According to the statement of facts accompanying the agreement, before its wind-down, DocX was in the business of assisting residential mortgage servicers with creating and executing mortgage-related documents to be filed with property recorders’ offices throughout the United States. Employees of DocX, at the direction of Brown [the CEO – PCQ] and others, falsified signatures on the documents. Through this scheme and unbeknownst to the clients, Brown and subordinates at DocX directed authorized signers to allow other, unauthorized personnel to sign and to have documents notarized as if they were executed by authorized signers. These signing practices were used at DocX from at least March 2003 until late 2009, and were implemented to increase profits.
Also to increase profits, Brown hired temporary workers to sign as authorized signers. These temporary employees would sign mortgage-related documents at a much lower cost and without the quality controls represented to clients. These documents were then falsely notarized by employees at DocX, allowing the fraud scheme to remain undetected.
As part of the ongoing effort to address the national foreclosure crisis, Attorney General Bob Ferguson today announced his office, 44 other Attorneys General and the District of Columbia have reached a $120 million multi-state settlement with Lender Processing Services, Inc. (LPS) and its subsidiaries, LPS Default Solutions and DocX. The office also settled with LPS-subsidiary, LSI Title, for activities as a foreclosure trustee in Washington.
From the Consent Decree Judgment, here, I’ve culled a sampling of the facts LPS agreed occurred on its watch from at least January 1, 2008, to December 31, 2010. The “Servicers” referred to in the Judgment were the Big Bank clients of LPS.
Some Mortgage Loan Documents generated and/or executed by certain subsidiaries of Lender Processing Services, Inc., on behalf of Servicers contain defects including, but not limited to, unauthorized signatures, improper notarizations, or attestations of facts not personally known to or verified by the affiant.
Some of these Mortgage Loan Documents may contain unauthorized signatures or may contain inaccurate information relating to the identity, location, or legal authority of the signatory, assignee, or beneficiary or to the effective date of the assignment.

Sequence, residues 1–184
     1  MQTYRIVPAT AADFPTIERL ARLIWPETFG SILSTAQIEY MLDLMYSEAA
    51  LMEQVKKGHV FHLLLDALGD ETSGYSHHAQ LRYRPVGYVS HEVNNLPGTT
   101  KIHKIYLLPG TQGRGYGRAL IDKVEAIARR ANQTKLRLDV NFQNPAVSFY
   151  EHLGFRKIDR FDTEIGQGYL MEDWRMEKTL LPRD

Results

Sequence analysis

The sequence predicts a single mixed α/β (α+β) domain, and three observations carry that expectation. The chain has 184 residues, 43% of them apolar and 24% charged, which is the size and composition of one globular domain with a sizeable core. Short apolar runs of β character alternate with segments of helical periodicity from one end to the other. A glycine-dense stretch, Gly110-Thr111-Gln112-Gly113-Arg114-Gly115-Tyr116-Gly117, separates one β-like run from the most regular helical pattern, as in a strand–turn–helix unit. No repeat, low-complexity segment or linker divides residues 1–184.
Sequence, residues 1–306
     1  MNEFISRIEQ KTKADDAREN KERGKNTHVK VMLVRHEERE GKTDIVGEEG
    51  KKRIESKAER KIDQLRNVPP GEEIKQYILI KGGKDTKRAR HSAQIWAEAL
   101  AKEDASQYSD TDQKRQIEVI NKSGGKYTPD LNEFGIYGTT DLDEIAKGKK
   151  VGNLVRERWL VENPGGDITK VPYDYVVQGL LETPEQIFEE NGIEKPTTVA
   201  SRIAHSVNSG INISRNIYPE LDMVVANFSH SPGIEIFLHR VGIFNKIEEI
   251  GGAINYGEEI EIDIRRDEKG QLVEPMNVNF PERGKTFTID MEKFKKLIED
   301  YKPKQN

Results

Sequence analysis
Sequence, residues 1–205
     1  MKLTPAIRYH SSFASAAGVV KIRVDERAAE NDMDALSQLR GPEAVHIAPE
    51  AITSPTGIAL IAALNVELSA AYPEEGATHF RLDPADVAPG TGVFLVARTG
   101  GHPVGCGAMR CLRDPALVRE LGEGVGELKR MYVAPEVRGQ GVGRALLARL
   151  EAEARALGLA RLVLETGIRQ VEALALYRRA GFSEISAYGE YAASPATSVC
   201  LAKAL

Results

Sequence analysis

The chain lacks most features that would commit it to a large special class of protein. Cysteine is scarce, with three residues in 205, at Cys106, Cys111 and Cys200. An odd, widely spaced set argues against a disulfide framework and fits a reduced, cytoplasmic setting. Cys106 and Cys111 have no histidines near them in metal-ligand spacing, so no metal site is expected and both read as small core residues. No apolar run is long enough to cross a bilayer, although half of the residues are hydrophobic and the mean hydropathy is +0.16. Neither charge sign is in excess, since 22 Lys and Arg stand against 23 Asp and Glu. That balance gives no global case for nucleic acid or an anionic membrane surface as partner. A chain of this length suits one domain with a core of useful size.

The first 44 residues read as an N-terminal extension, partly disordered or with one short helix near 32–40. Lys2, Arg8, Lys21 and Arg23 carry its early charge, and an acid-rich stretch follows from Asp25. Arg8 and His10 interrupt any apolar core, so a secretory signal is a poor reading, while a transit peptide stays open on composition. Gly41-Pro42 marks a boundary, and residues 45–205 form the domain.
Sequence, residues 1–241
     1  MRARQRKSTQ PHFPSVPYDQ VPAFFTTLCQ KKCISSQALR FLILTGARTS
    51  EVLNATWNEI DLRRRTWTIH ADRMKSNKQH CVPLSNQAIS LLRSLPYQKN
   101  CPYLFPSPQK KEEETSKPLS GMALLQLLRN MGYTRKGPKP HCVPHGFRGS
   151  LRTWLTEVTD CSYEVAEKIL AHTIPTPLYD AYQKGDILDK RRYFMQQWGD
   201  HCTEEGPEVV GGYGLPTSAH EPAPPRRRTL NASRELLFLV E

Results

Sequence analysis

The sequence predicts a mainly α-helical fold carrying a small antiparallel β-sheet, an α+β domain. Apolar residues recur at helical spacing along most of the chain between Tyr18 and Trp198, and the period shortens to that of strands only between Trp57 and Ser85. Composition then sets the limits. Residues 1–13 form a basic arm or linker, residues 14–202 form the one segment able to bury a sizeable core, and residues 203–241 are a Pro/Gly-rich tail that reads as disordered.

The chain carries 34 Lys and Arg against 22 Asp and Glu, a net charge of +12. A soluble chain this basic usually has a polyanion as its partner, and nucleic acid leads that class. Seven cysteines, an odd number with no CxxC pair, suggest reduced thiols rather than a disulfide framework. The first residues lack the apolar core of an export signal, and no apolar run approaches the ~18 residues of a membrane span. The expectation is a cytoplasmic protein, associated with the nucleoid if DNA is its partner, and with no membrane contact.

Certain subsidiaries of Lender Processing Services, Inc., recorded or caused to be recorded Mortgage Loan Documents with these defects in local land records offices or executed or facilitated execution on behalf of the Servicers knowing some of these Mortgage Loan Documents would be filed in state courts or used to comply with statutory, nonjudicial foreclosure processes.
At some time prior to November 1, 2009, employees and agents of DocX, LLC (“DocX”) a wholly owned, indirect subsidiary of Lender Processing Services, Inc., were directed by management of DocX to initiate and implement a program under which some DocX employees signed Mortgage Loan Documents in the name of other DocX employees, who were or had been at one time authorized to sign on behalf of Servicers. DocX referred to these unauthorized signers as “Surrogate Signers.”
The Name Game. Now it all makes sense! No wonder LPS decided to take on a new name associated with death – they had just survived a near death experience themselves! Besides, they couldn’t – with a straight face anyway – call themselves “White Knight,” conjuring up images of chivalry, Sir Lancelot, Guinevere, and all that glamorous stuff. So why not choose a name more closely aligned with the dark underbelly of the financial services industry? Anyway, there’s not much glamor in analytics, number crunching, bean counting, and strong-armed debt collecting; it’s not like they needed a professional “stuffed-shirt” name. No, they want the appearance of “muscle.” An effete name would send the wrong message; when it comes to borrower defaults, Black Knight’s Big Bank clients probably want a doppelgänger just like themselves, but with a fearsome “take no prisoners” name.